The seventh source of bias is the managed production and deselection of representation models to reach the solution predetermined by the Mayor’s power bloc of elected members and senior officials who favour blending the interests of those in the MEP with their own. Eight preliminary models of representation were discussed in closed workshops. At the final workshop they were reduced to three options; Option One that that best meets democratic principles and current law, Option Three that best satisfies ToW principles and the electoral chances of incumbents, and Option Two that fails both, as now explained.
The Three Final Options
Option 1 best meets democratic criteria, such as providing equal suffrage, because each vote has equal value. The number of votes each voter gets is directly proportionate to the electoral population they belong to.
The strongest objection to Option One is that those on the Māori roll have only three votes for electing councillors while those on the General roll would have seven votes. This difference is perceived as unfair by those who believe that the ToW guarantees partnership with mana whenua and 50/ 50 co-governance. This difference is also perceived as unfair by incumbent councillors who believe that their electoral support comes from both MEP and GEP voters.
Objections to Option 2 come from local politicians. Those who hold to democratic values object to MEP voters getting a 33% increase in representation through the arbitrary creation of an additional ‘At Large’ ward. Those who hold to ToW values and those who believe their electoral support comes from MEP and GEP voters object that one ‘At Large’ member is inadequate.
Objections to Option 3 come from democrats who regard the conversion of three General seats and one Māori seat into four ‘At Large’ seats as an example of ‘redistricting’ where politicians pick the voters for wards that will best serve their electoral chances. The result is that each MEP voter gets six votes for councillors (an increase of 100% on Option 1). Each GEP voter gets eight votes for councillors (an increase of 12.5% on Option 1).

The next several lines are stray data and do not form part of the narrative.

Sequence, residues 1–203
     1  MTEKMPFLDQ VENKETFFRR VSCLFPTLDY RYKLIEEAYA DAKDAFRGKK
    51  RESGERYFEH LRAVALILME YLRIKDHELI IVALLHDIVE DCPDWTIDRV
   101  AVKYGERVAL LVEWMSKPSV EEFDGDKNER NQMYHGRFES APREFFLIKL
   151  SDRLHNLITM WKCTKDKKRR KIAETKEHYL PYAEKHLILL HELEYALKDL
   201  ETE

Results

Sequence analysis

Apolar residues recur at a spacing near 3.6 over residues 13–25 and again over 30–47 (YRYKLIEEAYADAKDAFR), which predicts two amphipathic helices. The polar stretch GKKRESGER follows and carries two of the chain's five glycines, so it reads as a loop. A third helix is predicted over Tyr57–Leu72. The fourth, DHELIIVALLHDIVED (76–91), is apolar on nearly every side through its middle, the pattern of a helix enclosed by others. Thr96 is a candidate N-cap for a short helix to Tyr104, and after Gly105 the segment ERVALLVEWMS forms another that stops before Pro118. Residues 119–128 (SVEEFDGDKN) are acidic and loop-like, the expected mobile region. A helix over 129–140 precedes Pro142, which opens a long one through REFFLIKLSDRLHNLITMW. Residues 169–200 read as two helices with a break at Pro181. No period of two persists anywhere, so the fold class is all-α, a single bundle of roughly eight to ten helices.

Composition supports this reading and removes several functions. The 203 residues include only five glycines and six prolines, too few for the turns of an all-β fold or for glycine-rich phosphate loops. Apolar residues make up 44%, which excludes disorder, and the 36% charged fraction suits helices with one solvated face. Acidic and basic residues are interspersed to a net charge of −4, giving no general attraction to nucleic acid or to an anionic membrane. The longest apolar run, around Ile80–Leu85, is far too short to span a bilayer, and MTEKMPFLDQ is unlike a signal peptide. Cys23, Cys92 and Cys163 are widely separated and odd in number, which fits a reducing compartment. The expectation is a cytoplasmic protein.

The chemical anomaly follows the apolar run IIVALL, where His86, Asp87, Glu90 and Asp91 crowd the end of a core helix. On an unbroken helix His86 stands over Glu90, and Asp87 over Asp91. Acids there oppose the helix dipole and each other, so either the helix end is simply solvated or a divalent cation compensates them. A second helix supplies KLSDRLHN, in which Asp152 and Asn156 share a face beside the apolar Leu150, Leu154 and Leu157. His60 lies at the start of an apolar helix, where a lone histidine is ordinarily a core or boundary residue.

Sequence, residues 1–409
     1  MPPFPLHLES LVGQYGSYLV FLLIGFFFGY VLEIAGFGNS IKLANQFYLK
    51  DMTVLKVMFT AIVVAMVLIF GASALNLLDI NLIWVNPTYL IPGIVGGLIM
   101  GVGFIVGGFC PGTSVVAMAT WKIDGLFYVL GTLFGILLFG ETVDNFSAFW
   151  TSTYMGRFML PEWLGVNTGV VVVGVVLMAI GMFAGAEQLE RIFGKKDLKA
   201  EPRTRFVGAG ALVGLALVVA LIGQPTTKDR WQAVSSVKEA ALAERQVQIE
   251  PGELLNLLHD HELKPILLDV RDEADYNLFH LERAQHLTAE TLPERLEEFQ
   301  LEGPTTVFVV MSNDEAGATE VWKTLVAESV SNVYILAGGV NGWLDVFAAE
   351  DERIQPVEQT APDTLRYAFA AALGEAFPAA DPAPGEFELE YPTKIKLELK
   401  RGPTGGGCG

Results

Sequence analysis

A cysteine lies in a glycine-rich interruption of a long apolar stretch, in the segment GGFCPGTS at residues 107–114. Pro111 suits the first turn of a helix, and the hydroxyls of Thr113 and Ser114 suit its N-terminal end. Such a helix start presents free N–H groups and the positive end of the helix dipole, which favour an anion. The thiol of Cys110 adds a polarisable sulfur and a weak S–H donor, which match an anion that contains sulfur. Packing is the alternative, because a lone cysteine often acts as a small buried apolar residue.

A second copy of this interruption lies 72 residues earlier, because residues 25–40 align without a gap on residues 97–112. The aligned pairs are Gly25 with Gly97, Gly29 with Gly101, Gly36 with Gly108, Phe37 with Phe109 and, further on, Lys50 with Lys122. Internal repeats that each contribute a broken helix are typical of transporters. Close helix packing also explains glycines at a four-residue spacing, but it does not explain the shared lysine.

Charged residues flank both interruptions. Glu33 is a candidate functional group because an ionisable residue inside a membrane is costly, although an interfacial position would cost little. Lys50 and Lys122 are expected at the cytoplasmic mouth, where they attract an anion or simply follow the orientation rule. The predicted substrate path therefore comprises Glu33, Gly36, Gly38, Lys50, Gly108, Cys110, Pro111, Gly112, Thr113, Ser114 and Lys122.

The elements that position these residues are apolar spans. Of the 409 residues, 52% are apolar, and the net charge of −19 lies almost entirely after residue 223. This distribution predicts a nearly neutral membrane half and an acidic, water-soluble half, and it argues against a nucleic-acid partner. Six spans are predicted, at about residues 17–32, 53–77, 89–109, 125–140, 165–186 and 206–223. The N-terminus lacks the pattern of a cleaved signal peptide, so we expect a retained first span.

RLC has mobilized seven sources of bias towards co-governance in its Representation Review and towards getting incumbents re-elected, indicating significant predetermination.
The final workshop selected Option Three for public consultations. This means that RLC has gerrymandered representation structures that will double the voting power of MEP voters reflecting the belief that the ToW guarantees partnerships and 50/ 50 co-governance.
Incumbents have also used redistricting to transfer three GEP seats and one MEP seat into a newly created At Large ward with four seats that all can vote for, in the belief that it will broaden their electoral appeal.
Redistricting, however, reverses of the democratic election process whereby voters choose elected members and enables incumbents to select voters by manipulating wards.
Gerrymandering is almost always regarded as a corruption of the democratic electoral process.
 https://www.rotorualakescouncil.nz/repository/libraries/id:2e3idno3317q9sihrv36/hierarchy/Meetings/Council%20Meeting/2021-05-21/PUBLIC%20Agenda%20Council%20meeting%2021%20May%202021%20%28Māori %20Wards%29.pdf
Dr Macpherson is Chairman of the Rotorua District Residents and Ratepayers and developed this paper to keep the 1099 members informed about further developments in the Representation Review. He is also an elected member of Rotorua Lakes Council.
As a former Mayor in Waitomo District (10 years ago) I suggested something like option one. That is have two rolls - the number registered on either defining the the number of persons to be elected by each roll.
I don't subscribe to the "equal partnership" concept but do support the one man one vote form of democracy.
My Councilors gave me little support (For a Maori and a General Roll) endorsing the then used urban ward and rural ward with three councilors elected to both plus the Mayor. That concept endured for the next four elections and will be used at the next Local Government election for Members to Waitomo District Council.